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Get Out (2017)

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It's time for a young African American to meet with his white girlfriend's parents for a weekend in their secluded estate in the woods, but before long, the friendly and polite ambience will give way to a nightmare.

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4 wins & 16 nominations. See more awards »

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Cast

Cast overview, first billed only:
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Rod Williams (as Lil Rel Howery)
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Lisa Deets
John Wilmot ...
Gordon Greene
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Emily Greene (as Caren Larkey)
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April Dray
Rutherford Cravens ...
Parker Dray
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Storyline

Chris and his girlfriend Rose go upstate to visit her parent's for the weekend. At first, Chris reads the family's overly accommodating behavior as nervous attempts to deal with their daughter's interracial relationship, but as the weekend progresses, a series of increasingly disturbing discoveries lead him to a truth that he never could have imagined. Written by Anonymous

Plot Summary | Plot Synopsis

Taglines:

A brilliantly crafted thriller! See more »

Genres:

Horror | Mystery

Motion Picture Rating (MPAA)

Rated R for violence, bloody images, and language including sexual references | See all certifications »

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Details

Official Sites:

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Release Date:

24 February 2017 (USA)  »

Also Known As:

¡Huye!  »

Filming Locations:

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Box Office

Budget:

$5,000,000 (estimated)

Opening Weekend:

$33,377,060 (USA) (24 February 2017)

Gross:

$175,428,355 (USA) (2 June 2017)
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Company Credits

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Technical Specs

Runtime:

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Aspect Ratio:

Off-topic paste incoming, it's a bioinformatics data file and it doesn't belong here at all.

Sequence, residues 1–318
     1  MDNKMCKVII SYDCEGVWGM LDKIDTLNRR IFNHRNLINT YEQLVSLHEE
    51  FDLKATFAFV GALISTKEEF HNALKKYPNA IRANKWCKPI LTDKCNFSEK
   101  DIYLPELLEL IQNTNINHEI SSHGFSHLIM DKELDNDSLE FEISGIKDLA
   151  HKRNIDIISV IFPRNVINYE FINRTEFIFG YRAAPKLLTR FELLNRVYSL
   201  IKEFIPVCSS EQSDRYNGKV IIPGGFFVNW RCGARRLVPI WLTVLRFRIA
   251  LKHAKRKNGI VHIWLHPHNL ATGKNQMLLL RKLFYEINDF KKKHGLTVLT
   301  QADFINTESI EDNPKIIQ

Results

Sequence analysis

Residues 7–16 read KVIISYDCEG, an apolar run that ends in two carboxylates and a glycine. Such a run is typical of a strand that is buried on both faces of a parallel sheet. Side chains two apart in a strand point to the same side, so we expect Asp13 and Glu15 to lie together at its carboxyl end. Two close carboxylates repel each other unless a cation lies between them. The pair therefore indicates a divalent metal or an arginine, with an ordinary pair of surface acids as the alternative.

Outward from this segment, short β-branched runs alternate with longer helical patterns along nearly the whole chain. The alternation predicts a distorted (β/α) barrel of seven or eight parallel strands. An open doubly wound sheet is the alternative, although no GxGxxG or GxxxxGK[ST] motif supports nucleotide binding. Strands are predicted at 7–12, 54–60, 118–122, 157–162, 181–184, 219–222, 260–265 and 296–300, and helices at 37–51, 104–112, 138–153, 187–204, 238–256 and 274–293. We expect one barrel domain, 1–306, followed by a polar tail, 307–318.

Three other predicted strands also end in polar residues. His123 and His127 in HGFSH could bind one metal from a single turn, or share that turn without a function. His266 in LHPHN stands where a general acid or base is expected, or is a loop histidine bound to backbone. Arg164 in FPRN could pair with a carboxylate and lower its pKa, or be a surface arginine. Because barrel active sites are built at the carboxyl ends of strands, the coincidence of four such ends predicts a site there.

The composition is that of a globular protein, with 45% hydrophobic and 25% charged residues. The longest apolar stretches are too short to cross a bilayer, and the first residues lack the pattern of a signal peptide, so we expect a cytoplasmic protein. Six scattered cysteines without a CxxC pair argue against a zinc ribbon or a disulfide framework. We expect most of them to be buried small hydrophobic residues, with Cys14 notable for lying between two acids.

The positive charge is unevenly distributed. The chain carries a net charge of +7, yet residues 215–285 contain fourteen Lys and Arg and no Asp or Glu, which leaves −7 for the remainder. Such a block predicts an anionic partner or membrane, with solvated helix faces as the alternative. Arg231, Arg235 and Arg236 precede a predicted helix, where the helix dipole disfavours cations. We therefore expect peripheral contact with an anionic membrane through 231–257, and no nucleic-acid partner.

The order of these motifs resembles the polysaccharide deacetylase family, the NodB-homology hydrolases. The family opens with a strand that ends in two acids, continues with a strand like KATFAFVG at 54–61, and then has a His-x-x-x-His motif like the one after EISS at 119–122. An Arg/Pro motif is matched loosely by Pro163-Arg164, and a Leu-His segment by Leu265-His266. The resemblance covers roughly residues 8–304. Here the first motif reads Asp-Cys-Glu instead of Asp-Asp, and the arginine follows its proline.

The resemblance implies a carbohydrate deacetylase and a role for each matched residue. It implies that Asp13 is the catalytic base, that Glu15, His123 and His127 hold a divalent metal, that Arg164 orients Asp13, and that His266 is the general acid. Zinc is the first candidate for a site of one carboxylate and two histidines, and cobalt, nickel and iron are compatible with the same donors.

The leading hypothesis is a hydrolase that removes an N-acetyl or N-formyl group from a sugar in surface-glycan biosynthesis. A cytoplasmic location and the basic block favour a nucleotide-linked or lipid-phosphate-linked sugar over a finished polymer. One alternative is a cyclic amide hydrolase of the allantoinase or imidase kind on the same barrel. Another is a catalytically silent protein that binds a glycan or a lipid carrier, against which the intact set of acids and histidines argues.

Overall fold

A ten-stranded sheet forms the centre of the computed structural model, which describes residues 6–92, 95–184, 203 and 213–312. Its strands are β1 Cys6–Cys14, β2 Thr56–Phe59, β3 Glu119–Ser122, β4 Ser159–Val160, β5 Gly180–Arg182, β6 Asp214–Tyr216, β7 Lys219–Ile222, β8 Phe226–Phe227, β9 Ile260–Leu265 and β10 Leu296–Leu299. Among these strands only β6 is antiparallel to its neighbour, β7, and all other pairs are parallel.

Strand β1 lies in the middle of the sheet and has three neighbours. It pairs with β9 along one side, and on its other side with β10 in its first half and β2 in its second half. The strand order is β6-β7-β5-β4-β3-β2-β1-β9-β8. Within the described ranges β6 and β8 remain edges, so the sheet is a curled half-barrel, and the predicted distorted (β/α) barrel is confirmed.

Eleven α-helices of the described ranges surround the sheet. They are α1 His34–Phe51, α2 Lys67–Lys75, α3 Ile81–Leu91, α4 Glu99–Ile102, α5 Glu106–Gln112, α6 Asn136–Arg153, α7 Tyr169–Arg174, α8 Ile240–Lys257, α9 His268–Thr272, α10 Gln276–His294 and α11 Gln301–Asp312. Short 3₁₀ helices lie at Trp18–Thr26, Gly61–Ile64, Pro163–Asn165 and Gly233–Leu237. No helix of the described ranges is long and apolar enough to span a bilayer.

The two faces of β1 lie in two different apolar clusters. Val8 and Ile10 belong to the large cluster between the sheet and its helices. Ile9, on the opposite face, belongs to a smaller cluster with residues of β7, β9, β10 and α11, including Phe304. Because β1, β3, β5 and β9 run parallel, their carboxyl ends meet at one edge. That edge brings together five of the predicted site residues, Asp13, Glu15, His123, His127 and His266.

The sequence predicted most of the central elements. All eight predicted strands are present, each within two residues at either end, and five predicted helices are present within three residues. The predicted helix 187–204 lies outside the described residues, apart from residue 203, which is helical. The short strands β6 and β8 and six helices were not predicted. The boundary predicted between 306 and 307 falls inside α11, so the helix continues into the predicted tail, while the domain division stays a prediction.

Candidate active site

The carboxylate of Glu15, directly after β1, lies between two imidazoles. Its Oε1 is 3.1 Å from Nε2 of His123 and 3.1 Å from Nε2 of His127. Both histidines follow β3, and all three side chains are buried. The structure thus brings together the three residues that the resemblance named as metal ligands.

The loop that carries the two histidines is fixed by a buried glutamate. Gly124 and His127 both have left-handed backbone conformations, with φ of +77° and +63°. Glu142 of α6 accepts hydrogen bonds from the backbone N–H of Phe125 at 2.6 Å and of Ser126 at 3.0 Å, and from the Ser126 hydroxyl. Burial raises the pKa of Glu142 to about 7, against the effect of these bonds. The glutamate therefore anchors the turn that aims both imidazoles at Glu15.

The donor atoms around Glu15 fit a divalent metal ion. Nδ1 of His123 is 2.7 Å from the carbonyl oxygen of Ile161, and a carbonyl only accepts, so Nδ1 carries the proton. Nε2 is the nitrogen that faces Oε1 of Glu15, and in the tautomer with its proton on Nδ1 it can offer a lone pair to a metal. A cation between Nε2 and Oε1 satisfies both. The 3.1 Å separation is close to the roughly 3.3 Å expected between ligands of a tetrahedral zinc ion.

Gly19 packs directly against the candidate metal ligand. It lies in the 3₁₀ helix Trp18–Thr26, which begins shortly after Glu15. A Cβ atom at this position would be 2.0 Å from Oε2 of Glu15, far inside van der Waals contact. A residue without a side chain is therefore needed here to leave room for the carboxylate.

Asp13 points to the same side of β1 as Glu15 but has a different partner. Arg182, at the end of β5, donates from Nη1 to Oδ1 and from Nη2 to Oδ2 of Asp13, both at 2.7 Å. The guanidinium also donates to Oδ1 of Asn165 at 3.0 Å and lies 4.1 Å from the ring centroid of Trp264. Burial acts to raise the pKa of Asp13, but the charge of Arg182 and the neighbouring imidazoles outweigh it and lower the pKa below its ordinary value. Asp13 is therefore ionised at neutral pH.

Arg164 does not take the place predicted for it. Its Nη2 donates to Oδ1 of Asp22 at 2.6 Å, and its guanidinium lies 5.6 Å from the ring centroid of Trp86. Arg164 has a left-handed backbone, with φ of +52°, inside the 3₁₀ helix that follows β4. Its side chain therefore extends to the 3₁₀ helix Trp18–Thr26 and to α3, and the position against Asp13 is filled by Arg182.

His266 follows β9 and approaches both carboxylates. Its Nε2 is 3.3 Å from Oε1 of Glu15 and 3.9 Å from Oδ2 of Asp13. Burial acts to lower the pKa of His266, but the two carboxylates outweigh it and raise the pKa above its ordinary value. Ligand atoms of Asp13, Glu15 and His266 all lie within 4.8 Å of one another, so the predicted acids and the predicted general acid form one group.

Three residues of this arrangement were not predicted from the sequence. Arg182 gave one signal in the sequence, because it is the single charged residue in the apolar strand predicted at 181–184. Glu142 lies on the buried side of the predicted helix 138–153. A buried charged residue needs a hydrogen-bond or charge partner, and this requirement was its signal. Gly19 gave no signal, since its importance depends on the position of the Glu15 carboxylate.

2.35 : 1
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Did You Know?

Trivia

Daniel Kaluuya was given the lead role on the spot after nailing his audition. Jordan Peele said Kaluuya did about five takes of a key scene, in which his character needs to cry, and each was so perfect that the single tear came down at the exact same time for each take. See more »

Goofs

Losing to Jesse Owens in the qualifying rounds of the Olympics would not have prevented Roman Armitage from making the finals. Up to three runners from the same country can make the finals if good enough. See more »

Quotes

Rose Armitage: You were one of my favorites.
See more »

Connections

Featured in Film '72: Episode #46.7 (2017) See more »

Soundtracks

(I've Had) The Time Of My Life
Written by John DeNicola, Donald Markowitz and Franke Previte
Performed by Bill Medley & Jennifer Warnes
Courtesy of RCA Records
By arrangement with Sony Music Licensing
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Frequently Asked Questions

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User Reviews

 
Just because you're invited, doesn't mean you're welcome.
17 March 2017 | by (London,England) – See all my reviews

"Get Out" takes the initial premise of "Guess Who's Coming to Dinner" and then twists it with "The Stepford Wives" to create a compelling, thoughtful critique of white power. Peele, of course, isn't arguing that white people are out to hypnotise black people. Instead, Get Out is a stinging criticism of the white liberalism that carries itself as empathetic towards blacks, but that empathy only extends as far as white control. Peele isn't taking aim at Neo- Nazis and other whites who would angrily shout the n-word. They're a lost cause. Instead, he's looking at those who profess their lack of racism, but only do so if they can maintain their dominance over black people in the most insidious manner possible. As Chris pointedly notes to Rose at party full of white people, "Has anyone here ever met a black person that didn't work for them?"

The film is genuinely creepy. Instead of cheesy music and grotesque torture porn, Peele relies on the unknown to draw you in. What is happening here? The plot builds like a slow boil to a terror explosion. Clues to the outcome are evident from the first second, but it takes the entire run-time to pull everything together. It's such a joy to be surprised by a horror outcome. I don't think I've seen a genre film this inventive since Cabin in the Woods. The resolve is truly satisfying.

My favourite aspect of Get Out is the intelligence of the characters. There's a lot to like, but beyond the deeper themes; the characters aren't morons. I cringe every time I watch a genre film and the characters don't behave logically. Chris and Rose are not fools. Something is amiss, enough to warrant wariness. Anyone in this situation would be unnerved as events play out. Credit again to Peele for writing characters that act rationally.

"Get Out" doesn't replace the scares with humour – Peele is too smart to do that. Instead, he balances the fear with laughs and then laces everything with social comment and that unsettling tone. The fact that Chris is so eminently likable just underlines it. It all adds up to something of a treat – for everybody, not just horror fans.


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